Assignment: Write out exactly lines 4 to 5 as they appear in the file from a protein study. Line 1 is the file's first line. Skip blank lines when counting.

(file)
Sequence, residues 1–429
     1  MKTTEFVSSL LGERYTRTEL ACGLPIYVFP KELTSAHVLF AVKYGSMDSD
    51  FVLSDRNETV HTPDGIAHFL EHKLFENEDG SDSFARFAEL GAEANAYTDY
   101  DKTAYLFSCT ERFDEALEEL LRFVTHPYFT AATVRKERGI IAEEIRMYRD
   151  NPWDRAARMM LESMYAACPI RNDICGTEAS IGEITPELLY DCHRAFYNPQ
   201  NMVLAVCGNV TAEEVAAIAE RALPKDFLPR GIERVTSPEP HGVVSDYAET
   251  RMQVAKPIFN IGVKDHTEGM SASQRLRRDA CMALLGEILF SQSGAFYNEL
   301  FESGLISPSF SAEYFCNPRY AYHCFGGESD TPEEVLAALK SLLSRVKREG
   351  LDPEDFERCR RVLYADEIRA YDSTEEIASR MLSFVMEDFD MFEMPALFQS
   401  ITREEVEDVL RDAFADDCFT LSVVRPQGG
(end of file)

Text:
   101  DKTAYLFSCT ERFDEALEEL LRFVTHPYFT AATVRKERGI IAEEIRMYRD
   151  NPWDRAARMM LESMYAACPI RNDICGTEAS IGEITPELLY DCHRAFYNPQ